Grief in animals is not well understood but as dogs can develop strong bonds with those around them it is thought that the experience of loss can have a profound impact on them. Research carried out at the University of Milan in 2022 looked at households with multiple dogs where one had recently died and found that 86% of surviving dogs had shown behavioural changes after the death. History is also peppered with tales of dogs who have mourned the loss of their owner – such as Greyfriars Bobby who, when his owner John Gray died, spent the rest of his life sitting on his master’s grave.

Signs a dog is grieving

Not all dogs will display outward signs of grief but there are some common behaviours that are often seen when a dog experiences loss. These include signs of depression including:

  • Loss of appetite
  • Change in sleeping patterns
  • Being more clingy
  • Loss of interest in walks
  • Increased vocalisation
  • Being withdrawn or hiding away
  • Acting out of character

     

    What can you do to help?

    A grieving dog will need space and time to come to terms with the loss of their companion but there are some things an owner can do to help the process:

    • Maintain your dog’s normal routine as much as possible, keeping walks and mealtimes as usual.
    • Keep your dog occupied with puzzle toys and brain games. This will help distract them and give them something to do.
    • Give your dog the attention they need if they are more clingy than usual. Just spend time sitting and stroking them if that is what they want.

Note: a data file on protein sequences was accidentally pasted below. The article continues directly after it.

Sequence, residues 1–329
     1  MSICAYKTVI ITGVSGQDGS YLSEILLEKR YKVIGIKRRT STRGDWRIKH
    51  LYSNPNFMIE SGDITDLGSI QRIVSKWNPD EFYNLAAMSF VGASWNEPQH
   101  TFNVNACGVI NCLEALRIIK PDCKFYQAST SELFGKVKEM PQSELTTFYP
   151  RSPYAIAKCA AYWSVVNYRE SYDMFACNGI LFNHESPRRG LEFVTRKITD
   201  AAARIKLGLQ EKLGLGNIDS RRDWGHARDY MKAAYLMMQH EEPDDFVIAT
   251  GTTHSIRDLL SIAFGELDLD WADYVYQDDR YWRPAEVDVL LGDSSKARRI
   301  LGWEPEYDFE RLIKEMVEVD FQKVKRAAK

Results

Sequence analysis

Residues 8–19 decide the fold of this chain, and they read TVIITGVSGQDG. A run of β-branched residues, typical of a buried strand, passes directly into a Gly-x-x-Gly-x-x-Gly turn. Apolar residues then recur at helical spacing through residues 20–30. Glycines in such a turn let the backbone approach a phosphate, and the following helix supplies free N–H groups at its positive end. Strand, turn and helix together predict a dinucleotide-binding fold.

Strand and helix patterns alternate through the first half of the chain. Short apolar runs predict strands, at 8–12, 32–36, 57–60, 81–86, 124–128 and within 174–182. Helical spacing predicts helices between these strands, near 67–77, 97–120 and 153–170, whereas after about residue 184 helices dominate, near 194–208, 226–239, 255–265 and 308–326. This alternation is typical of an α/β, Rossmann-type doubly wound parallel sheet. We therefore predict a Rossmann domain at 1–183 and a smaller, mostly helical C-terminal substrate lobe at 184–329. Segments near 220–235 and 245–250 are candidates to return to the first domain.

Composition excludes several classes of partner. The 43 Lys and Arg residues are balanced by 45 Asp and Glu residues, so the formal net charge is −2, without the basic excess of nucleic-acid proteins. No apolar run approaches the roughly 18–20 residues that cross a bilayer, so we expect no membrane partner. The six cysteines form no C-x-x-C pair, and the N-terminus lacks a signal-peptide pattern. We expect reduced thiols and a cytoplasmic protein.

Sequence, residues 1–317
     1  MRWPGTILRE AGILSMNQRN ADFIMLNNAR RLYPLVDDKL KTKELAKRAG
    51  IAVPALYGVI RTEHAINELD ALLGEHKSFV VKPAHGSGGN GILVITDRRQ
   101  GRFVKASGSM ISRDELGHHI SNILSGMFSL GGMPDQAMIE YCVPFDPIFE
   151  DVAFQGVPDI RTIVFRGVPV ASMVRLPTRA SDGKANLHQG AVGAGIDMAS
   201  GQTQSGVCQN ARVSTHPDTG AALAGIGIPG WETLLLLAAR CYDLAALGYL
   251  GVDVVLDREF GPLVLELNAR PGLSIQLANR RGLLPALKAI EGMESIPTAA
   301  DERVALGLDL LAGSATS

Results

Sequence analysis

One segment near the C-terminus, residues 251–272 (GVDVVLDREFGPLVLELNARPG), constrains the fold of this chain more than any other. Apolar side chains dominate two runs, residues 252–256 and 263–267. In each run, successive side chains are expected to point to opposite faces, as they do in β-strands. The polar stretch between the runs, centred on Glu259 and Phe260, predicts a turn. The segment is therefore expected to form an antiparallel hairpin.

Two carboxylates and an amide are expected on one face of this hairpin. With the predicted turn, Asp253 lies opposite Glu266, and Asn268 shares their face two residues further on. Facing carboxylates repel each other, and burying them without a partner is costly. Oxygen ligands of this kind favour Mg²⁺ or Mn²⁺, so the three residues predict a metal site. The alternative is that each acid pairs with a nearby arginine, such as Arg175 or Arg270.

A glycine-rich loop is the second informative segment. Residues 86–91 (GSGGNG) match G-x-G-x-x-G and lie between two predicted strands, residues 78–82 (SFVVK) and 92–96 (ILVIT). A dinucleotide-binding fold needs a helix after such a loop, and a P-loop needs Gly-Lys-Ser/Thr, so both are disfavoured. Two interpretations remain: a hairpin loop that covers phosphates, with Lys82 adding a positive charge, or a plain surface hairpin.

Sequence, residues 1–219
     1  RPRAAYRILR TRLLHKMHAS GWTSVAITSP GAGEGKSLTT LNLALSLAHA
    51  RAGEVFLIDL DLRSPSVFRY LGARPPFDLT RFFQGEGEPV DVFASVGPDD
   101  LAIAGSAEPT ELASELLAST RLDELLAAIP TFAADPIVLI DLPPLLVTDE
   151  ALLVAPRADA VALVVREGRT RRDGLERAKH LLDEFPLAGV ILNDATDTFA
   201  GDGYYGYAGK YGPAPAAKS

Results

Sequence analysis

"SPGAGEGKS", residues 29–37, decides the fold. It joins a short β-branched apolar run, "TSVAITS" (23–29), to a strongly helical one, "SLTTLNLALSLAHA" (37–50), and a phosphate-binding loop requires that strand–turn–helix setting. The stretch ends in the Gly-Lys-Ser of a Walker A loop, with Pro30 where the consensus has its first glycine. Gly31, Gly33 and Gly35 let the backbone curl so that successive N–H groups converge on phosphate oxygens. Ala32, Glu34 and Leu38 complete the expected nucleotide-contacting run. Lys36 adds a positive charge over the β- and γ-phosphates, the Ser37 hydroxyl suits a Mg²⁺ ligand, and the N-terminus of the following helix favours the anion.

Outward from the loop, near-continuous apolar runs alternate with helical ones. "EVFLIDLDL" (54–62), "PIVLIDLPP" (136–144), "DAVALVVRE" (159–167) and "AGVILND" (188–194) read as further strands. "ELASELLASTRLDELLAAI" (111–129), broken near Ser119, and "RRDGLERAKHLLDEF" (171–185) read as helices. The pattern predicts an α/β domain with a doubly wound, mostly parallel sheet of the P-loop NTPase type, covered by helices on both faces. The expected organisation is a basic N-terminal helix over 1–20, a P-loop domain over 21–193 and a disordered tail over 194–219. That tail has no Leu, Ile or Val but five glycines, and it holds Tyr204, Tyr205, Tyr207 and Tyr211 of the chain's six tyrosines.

• If your dog enjoys having visitors to the home, consider inviting some friends round to play with your dog.
    • Try to minimise the amount of time your dog is left home alone but if you need to leave them make sure they have something to do while you’re away – like a stuffed Kong toy.
    • A canine pheromone diffuser or spray can help to calm an anxious or unsettled dog.

     

    Getting another dog

    You might be tempted to get another dog straight away if your surviving dog is showing signs of missing their companion. Dogs are sociable and used to living in family groups so generally adapt well to a new pet if introductions are carried out slowly. However, you should only get another pet if you’re sure it’s the right thing for you and your family. It is likely that you – as well as your dog – will need time to come to terms with the loss before you think about adding another pet to the family. Pets take time to grieve, just as we do, and their individual needs must be taken into account before any decisions are made.

    When to seek veterinary advice

    If your dog has been off its food for more than two days you should get them checked over by your vet. Also, don’t assume that any behavioural changes in your pet are a result of grief. It is important to get them checked over to rule out any underlying health problems.

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